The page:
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Appl Ergon. 2004 Jul;35(4):329-35.

Effects of load carriage, load position, and walking speed on energy cost of walking.

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Faculty of Integrated Cultures and Humanities, University of East Asia, 2-1 Ichinomiya Gakuen-cho, Shimonoseki, Yamaguchi 751-8503, Japan.



The purpose of this study was to examine the effects of load, load position, and walking speed on the energy cost of walking per unit distance (Cw: ml/kg/m).


Eight young male subjects walked on a treadmill at various speeds with and without load in the hands, on the back, and on the legs. The Cw values were determined from the ratio of 2-min steady-state oxygen consumption (Vo2) above resting value (net Vo2) to the walking speed (v): Cw = net Vo2/v.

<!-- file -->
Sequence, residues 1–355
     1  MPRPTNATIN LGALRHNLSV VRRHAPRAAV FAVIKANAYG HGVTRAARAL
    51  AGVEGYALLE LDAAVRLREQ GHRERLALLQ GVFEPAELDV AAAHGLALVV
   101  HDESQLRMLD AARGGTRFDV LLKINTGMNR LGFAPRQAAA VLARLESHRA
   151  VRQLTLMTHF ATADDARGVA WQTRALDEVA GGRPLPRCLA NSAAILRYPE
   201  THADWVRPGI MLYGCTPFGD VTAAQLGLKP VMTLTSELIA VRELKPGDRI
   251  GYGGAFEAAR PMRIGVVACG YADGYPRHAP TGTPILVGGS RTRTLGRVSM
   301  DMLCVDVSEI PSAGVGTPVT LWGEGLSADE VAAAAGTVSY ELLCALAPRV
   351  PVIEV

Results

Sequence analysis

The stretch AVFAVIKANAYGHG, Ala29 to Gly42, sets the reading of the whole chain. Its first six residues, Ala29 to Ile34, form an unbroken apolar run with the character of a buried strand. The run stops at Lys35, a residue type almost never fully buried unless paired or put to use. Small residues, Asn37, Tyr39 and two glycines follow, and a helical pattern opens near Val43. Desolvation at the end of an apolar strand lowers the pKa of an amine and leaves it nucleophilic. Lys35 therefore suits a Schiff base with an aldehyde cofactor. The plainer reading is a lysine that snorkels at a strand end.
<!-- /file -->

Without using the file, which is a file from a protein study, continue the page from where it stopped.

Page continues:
An energy-saving phenomenon was observed when the load was carried on the back at slower speeds. This phenomenon diminished at faster speeds, particularly when walking faster than 90 m/min. It was also observed when the load was carried in the hands at slower speeds.


These findings partly supported our hypothesis that an energy-saving phenomenon would be observed due to an interaction between rotative torque around the center of body mass and excessive burden on the lower muscles as a function of speed.

[Indexed for MEDLINE]

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